Dave Rywall on February 16, 2012 at 12:34 PM

Wow. That is a wagon load of spin JE!

Santorum’s multiple comments on his personal beliefs are almost always intermingled with discussion about how he will govern. He wants to push his views on Americans.

csdeven on February 16, 2012 at 3:11 AM

I love it when people call it “spin” to make exactly the distinctions about government that the Framers of the Constitution made.

It’s no wonder we’re in the political mess we’re in today. Liberty doesn’t mean no one in public office should have an opinion on social issues. It means government’s scope should be limited, and those in public office should respect the limits of the office they hold, when it comes to doing something about social issues.

When the US Constitution was adopted, there were cities and counties that still punished adultery by putting people in the stocks. There were states with state churches, and some of those states taxed the people to support the churches.

The Framers didn’t care, because that was local law. What they were adamantly against was writing any such level of interventionism in the people’s lives into the federal constitution. They understood the grave dangers of trying to write social-issue beliefs into the documents of nationhood.

In the 20th century, our education system inverted that reality to make it seem that the founding of the United States was all about social-issue beliefs. It wasn’t. It was about government. The Framers were exceedingly careful to place their limits on the scope of government, not on beliefs about liberty and justice.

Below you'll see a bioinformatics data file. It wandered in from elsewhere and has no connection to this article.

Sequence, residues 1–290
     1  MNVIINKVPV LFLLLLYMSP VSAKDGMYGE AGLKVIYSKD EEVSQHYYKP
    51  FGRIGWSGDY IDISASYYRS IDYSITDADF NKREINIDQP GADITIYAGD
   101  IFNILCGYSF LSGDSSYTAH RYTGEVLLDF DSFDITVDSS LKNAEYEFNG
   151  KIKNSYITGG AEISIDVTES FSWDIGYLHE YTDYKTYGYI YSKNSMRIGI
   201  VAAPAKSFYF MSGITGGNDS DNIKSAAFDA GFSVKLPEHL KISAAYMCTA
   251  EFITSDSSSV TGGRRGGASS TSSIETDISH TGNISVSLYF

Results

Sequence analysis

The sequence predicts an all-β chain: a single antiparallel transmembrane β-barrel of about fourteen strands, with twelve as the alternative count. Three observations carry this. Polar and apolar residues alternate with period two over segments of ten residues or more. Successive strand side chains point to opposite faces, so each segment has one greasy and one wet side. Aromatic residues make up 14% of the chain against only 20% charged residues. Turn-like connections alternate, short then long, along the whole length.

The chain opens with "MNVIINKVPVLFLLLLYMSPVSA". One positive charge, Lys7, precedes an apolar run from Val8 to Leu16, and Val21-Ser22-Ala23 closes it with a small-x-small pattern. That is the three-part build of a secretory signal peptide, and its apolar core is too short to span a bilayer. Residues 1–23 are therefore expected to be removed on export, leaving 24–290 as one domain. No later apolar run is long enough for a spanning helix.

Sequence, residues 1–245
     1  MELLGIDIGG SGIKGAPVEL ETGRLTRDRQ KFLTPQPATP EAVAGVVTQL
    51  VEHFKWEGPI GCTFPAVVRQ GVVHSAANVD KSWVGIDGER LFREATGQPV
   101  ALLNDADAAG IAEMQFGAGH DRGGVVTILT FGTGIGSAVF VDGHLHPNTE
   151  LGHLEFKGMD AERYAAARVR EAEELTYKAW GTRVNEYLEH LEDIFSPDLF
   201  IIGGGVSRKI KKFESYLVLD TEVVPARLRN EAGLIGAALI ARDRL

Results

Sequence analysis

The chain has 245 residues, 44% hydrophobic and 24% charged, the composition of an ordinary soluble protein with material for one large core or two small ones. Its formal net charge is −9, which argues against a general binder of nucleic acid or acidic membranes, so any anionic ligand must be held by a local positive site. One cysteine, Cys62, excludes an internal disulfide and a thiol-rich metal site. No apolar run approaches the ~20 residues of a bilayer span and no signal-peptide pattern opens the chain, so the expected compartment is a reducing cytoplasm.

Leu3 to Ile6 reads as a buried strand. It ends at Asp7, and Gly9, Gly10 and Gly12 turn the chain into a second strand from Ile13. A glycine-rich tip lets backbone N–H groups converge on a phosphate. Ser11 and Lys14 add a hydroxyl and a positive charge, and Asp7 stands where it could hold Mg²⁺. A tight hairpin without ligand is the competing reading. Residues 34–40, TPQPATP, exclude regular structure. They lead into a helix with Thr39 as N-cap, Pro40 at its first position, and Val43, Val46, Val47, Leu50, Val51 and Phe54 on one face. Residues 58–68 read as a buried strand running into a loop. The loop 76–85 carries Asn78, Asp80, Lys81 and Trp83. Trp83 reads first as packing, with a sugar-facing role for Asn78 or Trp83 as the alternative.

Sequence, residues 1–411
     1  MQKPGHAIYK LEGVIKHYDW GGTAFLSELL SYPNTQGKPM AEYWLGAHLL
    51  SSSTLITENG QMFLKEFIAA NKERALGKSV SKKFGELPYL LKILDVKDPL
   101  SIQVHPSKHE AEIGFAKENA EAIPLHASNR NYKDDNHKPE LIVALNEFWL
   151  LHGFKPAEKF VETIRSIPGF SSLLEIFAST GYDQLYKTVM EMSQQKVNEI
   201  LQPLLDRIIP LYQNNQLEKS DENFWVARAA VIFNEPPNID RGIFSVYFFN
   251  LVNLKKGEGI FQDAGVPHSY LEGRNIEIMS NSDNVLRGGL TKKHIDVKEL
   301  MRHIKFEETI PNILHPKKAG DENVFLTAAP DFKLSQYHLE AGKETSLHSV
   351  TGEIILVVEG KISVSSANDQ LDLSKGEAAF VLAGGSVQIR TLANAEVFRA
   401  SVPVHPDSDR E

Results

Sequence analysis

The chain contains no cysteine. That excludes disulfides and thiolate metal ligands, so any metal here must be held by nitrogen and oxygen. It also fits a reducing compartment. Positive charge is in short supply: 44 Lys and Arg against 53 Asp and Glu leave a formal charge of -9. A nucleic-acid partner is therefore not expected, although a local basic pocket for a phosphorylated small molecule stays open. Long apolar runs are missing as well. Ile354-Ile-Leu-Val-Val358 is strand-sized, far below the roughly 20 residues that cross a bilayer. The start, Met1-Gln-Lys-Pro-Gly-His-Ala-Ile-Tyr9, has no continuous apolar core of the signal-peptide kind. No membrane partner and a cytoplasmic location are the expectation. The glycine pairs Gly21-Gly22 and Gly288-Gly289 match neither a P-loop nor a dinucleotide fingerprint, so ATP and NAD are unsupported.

The distinction will always be valid. The left has labored to make it seem as if it’s not, by trying hard to make “government” in general be about imposing social-issue beliefs, and by trying to eliminate the distinctions of federalism. But we don’t have to be duped on that head.

Santorum has made it clear that he doesn’t intend to push for additions to the US Code on the social issues he’s always being asked about. I’d like to hear him explicitly justify that posture on the basis of the Framers’ principles for writing the Constitution. That’s something to hold our leaders to, as opposed to vague sentiments.

J.E. Dyer on February 16, 2012 at 1:02 PM

Santorum is the biggest nanny stater in the field.

Dave Rywall on February 16, 2012 at 2:08 PM